Several years ago, Devils president and general manager Lou Lamoriello mentioned in a Chase commercial about coming close is not good enough when better should be expected.
That's his philosophy of success, and what he expects out of his team.
Since the last two years, the Devils have been an one-and-done team. They almost advanced to the second round last year until the team fell apart in the waning seconds of Game Seven of the Devils/Hurricanes in the first round.
Martin Brodeur contributed to the team's collapse, giving up two savable goals in a span of few seconds of regulation. It was the tying goal and the game-winning goal.
The Devils finished their season. The Hurricanes played the Bruins in the next round.
Last year was unacceptable. This year will be no different if the same scenario happens.
It's one thing for folks to accept this for the last few years. The team was rebuilding with guys like Scott Stevens and Ken Daneyko retiring along with Scott Niedermayer leaving to play for the Ducks.
Now, these guys grown up to the point we should expect them to make a playoff run.
Even Lamoriello expects it. He should. There's so much patience one can take of losing in the first round.
No one expects them to win the Stanley Cup. The Red Wings, Capitals and the Penguins are the top three teams in hockey. Those three teams feature three scoring lines along with efficient defense and adequate goaltending.
With that said, it's not too much to ask for the Devils to play in the Eastern Conference Finals.
The Devils should beat the Flyers in the first round. This team has better talent and better goaltending. It comes down to who steps up.
Based on tonight's performance, it's time to worry.
This team played terrible tonight. Talk about the effort and what could have been, but it comes down to results.
This team came up lame when it matters.
The Devils were 0-for-5 in the power play. This does not win playoff games. One does not need to be a hockey aficionado to realize that.
Their star players went missing in action tonight. Patrik Elias, Ilya Kovalchuk, Zach Parise and Travis Zajac did nothing with the puck.
When obscure players tend to take more shots and generate scoring chances than the stars, something is wrong.
Stars are paid to make it happen and make it work. If this trend continues, this is going to be a short series.
As great as the Devils are for the last two decades, they choked often in the postseason. With the talent they have, they should not be exiting early, but that's been the case.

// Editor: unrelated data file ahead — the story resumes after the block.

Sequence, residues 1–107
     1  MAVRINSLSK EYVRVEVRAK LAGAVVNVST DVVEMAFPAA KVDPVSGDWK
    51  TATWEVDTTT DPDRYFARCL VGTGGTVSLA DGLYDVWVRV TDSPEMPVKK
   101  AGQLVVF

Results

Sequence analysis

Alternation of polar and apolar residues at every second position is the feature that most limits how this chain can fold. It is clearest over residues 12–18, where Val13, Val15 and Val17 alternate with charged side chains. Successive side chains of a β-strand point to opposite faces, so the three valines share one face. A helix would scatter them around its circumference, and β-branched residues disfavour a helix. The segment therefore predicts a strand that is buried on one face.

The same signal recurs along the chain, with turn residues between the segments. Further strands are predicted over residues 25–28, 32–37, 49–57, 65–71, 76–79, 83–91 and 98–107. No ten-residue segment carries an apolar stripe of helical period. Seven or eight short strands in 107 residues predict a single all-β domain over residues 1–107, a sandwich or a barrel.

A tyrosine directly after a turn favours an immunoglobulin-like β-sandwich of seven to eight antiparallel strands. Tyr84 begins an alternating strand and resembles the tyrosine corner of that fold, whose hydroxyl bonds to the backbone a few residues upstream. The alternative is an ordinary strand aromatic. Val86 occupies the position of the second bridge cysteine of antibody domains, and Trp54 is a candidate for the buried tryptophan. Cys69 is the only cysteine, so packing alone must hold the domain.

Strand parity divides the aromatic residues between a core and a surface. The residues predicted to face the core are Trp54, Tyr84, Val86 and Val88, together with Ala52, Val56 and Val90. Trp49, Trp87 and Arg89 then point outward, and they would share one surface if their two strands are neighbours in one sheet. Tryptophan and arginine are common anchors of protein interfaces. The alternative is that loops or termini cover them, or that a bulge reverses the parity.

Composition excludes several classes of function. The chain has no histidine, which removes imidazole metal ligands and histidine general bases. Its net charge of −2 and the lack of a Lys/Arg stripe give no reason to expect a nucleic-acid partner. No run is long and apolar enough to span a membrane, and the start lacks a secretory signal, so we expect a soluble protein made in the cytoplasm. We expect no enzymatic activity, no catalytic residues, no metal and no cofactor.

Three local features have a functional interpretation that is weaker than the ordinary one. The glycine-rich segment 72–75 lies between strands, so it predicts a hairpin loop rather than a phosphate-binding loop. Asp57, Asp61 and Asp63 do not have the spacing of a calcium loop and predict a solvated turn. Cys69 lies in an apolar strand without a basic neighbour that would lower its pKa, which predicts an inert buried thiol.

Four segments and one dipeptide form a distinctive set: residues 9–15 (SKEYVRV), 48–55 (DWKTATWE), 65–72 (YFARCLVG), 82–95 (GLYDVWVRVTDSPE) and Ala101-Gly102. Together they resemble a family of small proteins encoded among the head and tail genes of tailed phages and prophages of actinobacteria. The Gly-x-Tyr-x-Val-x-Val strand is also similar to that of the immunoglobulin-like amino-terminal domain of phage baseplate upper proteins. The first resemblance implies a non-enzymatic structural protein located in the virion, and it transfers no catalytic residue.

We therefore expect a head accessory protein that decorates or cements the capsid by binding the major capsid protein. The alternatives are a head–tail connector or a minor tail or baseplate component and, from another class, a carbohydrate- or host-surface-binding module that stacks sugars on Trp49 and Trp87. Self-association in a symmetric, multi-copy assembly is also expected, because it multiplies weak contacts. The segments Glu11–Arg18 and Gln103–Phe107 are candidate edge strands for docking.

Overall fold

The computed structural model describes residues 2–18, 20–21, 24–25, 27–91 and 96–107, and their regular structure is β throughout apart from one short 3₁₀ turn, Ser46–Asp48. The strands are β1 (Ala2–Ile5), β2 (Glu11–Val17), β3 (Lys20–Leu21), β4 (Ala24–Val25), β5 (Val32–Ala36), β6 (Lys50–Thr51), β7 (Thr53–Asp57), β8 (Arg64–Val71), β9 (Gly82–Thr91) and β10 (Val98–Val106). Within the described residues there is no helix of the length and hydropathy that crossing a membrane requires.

It's an enigma to see why this unfolds all the time. The team changed coaches, but nothing seems to work.
It shows you how players matter more in the spring. Coaches can prepare and have them ready for the regular season, but all those Xs and Os go out the window come postseason.
It's about who knows how to get it done. Not even the great Scotty Bowman was immune to that. His Red Wings teams choked their fair share during their successful years.
Anyone can analyze what goes wrong. No one wants to hear that.
What the Devils need to do is perform.
So far, this group of Devils showed they can't get it done. Tonight illustrates that.
How do the Flyers go out and get couple of goals early? How did they find a way?
It took the last few minutes of the final period until the Devils scored their lone goal of the night.
This is what losing teams do right there. When the game is in control, the losing team shows up.
Did anyone expect the Devils to make a valiant comeback on this night? The Flyers decided to sit back by focusing on defense rather than attacking and scoring.
The Devils need to make it happen early. Do whatever it takes. Maybe this team needs to hit people and let other teams know it's going to be different.
For whatever reason, this team does not hit people. It hasn't happened since Stevens and Daneyko retired.
Someone on the team needs to bring that attitude. It can't hurt.
This team needs to be awaken from their slumber. If this team displays that same effort on Friday night, the Flyers will take a 2-0 lead, and this series might as well be over.
They don't have any more time to figure it out any longer.